How to Be an All-Inclusive Gender Thread

Congratz! Interested to see how they look, of course.

They look very very boring. Maybe I'll come up with a picture, we'll see.

In other news, today's QC made me laugh out loud.

This is a fantastic article: Navy Couple Recounts Tough Decisions (OutServe)

Edit to add: Today's important jewelry tip: For your first earlobe piercing, if given the choice between studs and captive bead rings, go with studs. It will save some angst the first time you say to yourself "I should figure out how these work" and spend the next 30 minutes trying to get the bead back in place. (I also had to trim my nails short to do it--tiny metal beads don't leave much maneuvering room.)

Edit edit to add much more interesting things:

I picked up some studs at Target, "just in case".

While I was there, I also picked up some new jeans and a new button-up shirt, both in smaller sizes. I decided to try jumping down to size 8 from size 12, because the size 12 I have has been a little big in the waist for a while. I figured if 8 was too small even in these stretch-denim jeans, I could aspire to wear them some day. But as it turns out, I can squeeze into them pretty well! I think it might be a different story if they had a higher waist (I think they're mid-rise).

On the shirt, I decided to try going down to a men's medium shirt, and I think it works well at least in this cut.

Long story short: I'm closing in on 50 pounds lost, getting to around 160 pounds (which I think is the weight I last was my Sophomore year of High School) and... um... wow. It kind of makes a difference!

I'm looking forward to hormones. I highly suspect that I won't be able to keep wearing these sizes at some point in the future. I really don't know what's going to happen, there--and I'm sad that it will probably take years to really find out.

My current measurements (for the numbers that I most pay attention to, anyway) are as of today (Februrary 10, 2013) approximately:
16" neck, 37" bust, 36" underbust, 32" waist, 37" hips, 21" thighs, 16" calves.

When I first measured those on October 2, 2012, they were:
17" neck, 40.5" bust, 39" underbust, 37.5" waist, 39.5" hips, 24" thighs, 17.5" calves.

Right now, my hips are pretty bony although my butt hasn't decreased as much as I had feared, which makes me happy. So, I figure if I gain a little rounding out in that area, and some development upstairs... and hormones get my spare tire to finally give up the ghost, and reduce the musculature around my neck... I could end up with a pretty pleasing shape. Not a size 8 by any means, but I think that I might end up pretty close to a size 12 across the board! That is so unbelievably [em]normal[/em], which is awesome.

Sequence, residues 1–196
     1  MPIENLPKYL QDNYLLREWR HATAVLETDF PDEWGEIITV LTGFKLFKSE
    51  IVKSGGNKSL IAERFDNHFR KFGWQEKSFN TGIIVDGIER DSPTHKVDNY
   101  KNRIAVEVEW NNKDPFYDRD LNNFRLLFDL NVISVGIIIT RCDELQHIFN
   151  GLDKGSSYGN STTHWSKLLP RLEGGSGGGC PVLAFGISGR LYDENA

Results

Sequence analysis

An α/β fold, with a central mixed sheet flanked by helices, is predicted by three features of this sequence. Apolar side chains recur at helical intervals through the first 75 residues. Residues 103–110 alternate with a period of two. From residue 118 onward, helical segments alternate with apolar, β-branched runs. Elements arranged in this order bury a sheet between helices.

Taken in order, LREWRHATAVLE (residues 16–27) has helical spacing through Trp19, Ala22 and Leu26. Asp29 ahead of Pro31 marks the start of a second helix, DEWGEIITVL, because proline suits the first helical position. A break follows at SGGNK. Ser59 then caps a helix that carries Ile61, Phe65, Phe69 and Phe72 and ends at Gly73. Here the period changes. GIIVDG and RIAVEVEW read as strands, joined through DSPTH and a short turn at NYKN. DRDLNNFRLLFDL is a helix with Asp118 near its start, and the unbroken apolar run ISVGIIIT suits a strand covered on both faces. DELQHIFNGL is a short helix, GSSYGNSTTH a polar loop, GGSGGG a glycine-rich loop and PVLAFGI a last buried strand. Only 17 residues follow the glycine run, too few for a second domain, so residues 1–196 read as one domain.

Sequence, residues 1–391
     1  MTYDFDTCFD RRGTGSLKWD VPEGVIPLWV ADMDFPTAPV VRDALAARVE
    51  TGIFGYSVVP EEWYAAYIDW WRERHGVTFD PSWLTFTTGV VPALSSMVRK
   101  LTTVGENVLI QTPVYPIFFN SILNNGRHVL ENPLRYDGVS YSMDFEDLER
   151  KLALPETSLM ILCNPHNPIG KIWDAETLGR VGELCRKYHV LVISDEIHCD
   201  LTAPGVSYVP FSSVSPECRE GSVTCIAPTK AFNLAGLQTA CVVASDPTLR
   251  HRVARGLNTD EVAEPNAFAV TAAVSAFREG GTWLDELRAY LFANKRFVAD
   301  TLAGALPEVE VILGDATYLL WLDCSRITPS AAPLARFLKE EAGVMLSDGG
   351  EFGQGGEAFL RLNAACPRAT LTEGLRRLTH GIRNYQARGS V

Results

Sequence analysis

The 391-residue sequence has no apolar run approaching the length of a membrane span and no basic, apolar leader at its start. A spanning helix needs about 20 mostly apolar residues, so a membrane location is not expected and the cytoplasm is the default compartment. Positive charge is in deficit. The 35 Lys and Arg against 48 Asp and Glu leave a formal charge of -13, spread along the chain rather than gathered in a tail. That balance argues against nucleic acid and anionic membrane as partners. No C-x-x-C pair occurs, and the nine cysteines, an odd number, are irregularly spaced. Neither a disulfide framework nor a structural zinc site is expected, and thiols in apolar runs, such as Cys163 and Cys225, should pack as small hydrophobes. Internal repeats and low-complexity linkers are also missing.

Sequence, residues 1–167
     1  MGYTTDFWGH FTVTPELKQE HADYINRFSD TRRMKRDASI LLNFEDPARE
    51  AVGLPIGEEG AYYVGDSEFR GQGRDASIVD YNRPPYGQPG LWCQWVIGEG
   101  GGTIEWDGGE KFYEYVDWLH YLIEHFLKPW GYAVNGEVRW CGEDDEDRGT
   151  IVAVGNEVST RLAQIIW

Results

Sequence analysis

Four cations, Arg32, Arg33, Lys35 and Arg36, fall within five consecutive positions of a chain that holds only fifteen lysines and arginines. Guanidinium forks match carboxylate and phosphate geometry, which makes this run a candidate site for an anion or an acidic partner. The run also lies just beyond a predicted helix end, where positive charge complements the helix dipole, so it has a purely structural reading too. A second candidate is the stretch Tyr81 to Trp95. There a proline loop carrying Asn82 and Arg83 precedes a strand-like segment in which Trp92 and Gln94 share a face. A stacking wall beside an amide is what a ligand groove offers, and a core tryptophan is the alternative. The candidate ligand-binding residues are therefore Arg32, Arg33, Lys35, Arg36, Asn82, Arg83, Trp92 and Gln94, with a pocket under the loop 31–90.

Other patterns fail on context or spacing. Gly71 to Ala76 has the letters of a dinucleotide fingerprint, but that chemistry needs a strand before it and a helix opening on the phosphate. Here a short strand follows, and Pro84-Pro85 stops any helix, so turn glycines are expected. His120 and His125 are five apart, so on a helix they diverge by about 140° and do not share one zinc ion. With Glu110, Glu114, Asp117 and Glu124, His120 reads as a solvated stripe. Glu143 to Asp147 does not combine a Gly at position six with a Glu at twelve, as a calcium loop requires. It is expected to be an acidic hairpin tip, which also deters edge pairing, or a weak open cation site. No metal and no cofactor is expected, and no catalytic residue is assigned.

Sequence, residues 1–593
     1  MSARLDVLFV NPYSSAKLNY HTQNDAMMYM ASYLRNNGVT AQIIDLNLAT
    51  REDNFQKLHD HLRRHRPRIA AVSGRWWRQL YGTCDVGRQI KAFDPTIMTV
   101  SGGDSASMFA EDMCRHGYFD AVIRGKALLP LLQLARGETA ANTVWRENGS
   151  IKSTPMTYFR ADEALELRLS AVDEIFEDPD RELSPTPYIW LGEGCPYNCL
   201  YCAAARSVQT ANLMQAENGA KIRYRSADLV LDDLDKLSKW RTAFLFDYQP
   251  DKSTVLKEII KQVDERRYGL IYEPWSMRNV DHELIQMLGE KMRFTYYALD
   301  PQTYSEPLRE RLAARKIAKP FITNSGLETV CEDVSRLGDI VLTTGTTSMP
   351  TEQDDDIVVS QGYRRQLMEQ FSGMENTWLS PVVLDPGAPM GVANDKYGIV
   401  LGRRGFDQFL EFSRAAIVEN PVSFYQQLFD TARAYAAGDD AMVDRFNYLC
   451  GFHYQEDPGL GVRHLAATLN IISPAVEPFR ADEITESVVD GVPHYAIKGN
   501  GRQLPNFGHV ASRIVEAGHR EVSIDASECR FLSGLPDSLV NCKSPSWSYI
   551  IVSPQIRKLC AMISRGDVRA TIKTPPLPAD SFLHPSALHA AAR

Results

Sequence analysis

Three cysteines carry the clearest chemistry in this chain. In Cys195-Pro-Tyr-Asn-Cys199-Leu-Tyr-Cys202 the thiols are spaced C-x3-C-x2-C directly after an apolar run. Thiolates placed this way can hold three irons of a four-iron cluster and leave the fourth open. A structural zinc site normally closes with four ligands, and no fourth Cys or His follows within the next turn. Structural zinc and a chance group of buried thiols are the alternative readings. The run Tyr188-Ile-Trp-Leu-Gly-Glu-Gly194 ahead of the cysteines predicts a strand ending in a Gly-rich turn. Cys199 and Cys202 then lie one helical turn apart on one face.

And that... really actually surprises me. Where I started out, I was looking at size 12-14 bottoms and size 16-18 tops. And, the way my weight loss went, I felt like my bottom sizes were dropping but my top sizes were pretty much be staying the same--after all, there's a lot of rib cage up there, and my rib cage is not exactly small. But, the changes up there have just been slower, not non-existent. I didn't really expect the medium mens shirt to fit well at all, and the fact that it did is what made me decide that I needed to measure again and re-evaluate.

So... go me! I'm feeling pretty tremendously positive about my body-shape prospects, now. There's still all of that nasty hair stuff to deal with, but... Wow.

Wow! Great progress, and it sounds like you feel really healthy while doing it, too! That's always my first thought when I hear about weight loss. As the child of two overweight parents who always struggled with it, I am very aware of how hard it is to make the kind of progress you've made just in that area, not to mention the other parts of your life that are changing. Great job!

So going back to that link - as someone married to a Navy vet (corpsman represent!) and works for Veteran's Services at a college, I'm really saddened to see that story end the way it has.

From that article, it sounds like Morgan is way better off now than she was back a few years when she made the decision to not re-enlist. And there's really no reason to not take her back, aside from some asshat's personal agenda

Yeah. Essentially, that all comes down to continuing policy on the part of the DoD. DADT didn't do anything for transgender folks, essentially. I think that the hand-wavy nature of the reply makes it pretty clear, however, that there's really no good excuse for that policy to continue. I can only hope it will be less of a fight than DADT was. At least the VA is doing a decent job for trans veterans. But it's still rather sad, considering trans people are rather more likely to join the military than cis people are.

Whee. So, I have my doctor's appointment coming up in a few weeks. Getting things together for that. I haven't been to a doctor except for emergencies since high school, really. Which is pretty bad, and one of those "getting over my need to ignore my body" important things I'm doing. I suspect there'll probably be some time spent on evaluating my current health before doing anything, but I hope it won't be too long before I can start hormones. I came across this doctor's name online as someone who's trans friendly, and since then a local trans acquaintance mentioned him, and my therapist recommended him. His kid is apparently trans, so... yeah. Probably best-case scenario there for understanding.